And Still They Dance
The film is a mixture of Palestinian culture and politics in a way that both form a natural part of the scenario. The subject of the film is a group of young Palestinian youth, 15 to 18 years old, members of Al Asria Folk
Dance Group from Jabalia refugee camp at the north of the Gaza Strip.
Invited by the Sheffield Palestine Solidarity Campaign in 2005, the film shows their very successful tour of five cities and towns in England.
The strong bond between the dancers, the host families and their interaction with the British public and youth at schools and cultural centers occupies a sweet part of this pleasant yet powerful film.
The film keeps moving backwards and forwards in time to end up in 2012 when these youth have become young men and women. They talk about their life in Gaza, their horrific experience during Operation Cast Lead, the Israeli war on Gaza in 2008/2009. We hear about their hopes and dreams and their message of resilience, patriotism, love of life and peace to the whole world.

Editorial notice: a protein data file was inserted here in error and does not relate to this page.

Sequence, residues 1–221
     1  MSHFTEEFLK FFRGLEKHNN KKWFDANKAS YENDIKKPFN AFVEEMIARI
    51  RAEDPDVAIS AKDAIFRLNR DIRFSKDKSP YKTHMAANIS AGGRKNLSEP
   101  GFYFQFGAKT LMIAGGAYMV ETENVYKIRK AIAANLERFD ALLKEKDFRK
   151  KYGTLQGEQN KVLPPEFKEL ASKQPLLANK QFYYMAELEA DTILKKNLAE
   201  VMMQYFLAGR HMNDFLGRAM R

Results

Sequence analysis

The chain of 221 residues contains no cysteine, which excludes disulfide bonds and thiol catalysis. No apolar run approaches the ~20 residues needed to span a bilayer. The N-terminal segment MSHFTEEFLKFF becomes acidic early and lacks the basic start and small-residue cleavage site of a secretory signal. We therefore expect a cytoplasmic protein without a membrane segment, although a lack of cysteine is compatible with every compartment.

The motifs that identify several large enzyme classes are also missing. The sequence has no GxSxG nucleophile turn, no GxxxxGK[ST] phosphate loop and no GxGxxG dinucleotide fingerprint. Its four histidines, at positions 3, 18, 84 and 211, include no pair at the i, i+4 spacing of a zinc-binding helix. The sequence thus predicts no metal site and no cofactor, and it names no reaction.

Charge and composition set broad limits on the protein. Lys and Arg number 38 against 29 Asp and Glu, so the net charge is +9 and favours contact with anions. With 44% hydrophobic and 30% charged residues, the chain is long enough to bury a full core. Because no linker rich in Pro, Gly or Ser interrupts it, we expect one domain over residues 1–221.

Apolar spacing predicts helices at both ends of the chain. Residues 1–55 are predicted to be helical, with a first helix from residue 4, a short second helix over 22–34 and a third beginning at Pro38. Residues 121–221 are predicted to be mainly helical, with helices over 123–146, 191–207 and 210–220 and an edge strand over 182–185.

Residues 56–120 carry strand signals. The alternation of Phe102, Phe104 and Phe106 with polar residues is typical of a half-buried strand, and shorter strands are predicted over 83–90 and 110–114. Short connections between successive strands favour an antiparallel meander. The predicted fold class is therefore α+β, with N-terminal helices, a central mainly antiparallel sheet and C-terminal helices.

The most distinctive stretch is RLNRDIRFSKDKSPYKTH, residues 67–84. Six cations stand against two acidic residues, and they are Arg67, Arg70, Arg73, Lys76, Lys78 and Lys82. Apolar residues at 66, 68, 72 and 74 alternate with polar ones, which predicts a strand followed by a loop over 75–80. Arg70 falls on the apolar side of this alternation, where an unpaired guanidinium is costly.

“And Still They Dance” intends to make the audience jump in their seats with joy through the group’s vibrant Dabka performance in front of British audience in different places. The film may also move the audience to tears when moving to Jabalia refugee camp in a journey to the background to members of the group lives and some of their traumatic experiences. This flows naturally within the scenario to tackle many important political issues: the killing of Palestinian children and youth, the political prisoners and Israeli extra judicial killing of Palestinian activists. The 1948 NAKBA and the link between contemporary DABAKA and pre 1948 life in Palestine is also present through spontaneous interviews with relatives of some of the dancers who witnessed it.
Through the group’s two failed attempts to leave the Gaza Strip as a result of the Israeli siege, the film sheds light on the conditions at the Rafah border crossing. The film also tackles the social difficulties which families of the female members of the group face in a socially conservative society like Jabalia refugee camp.
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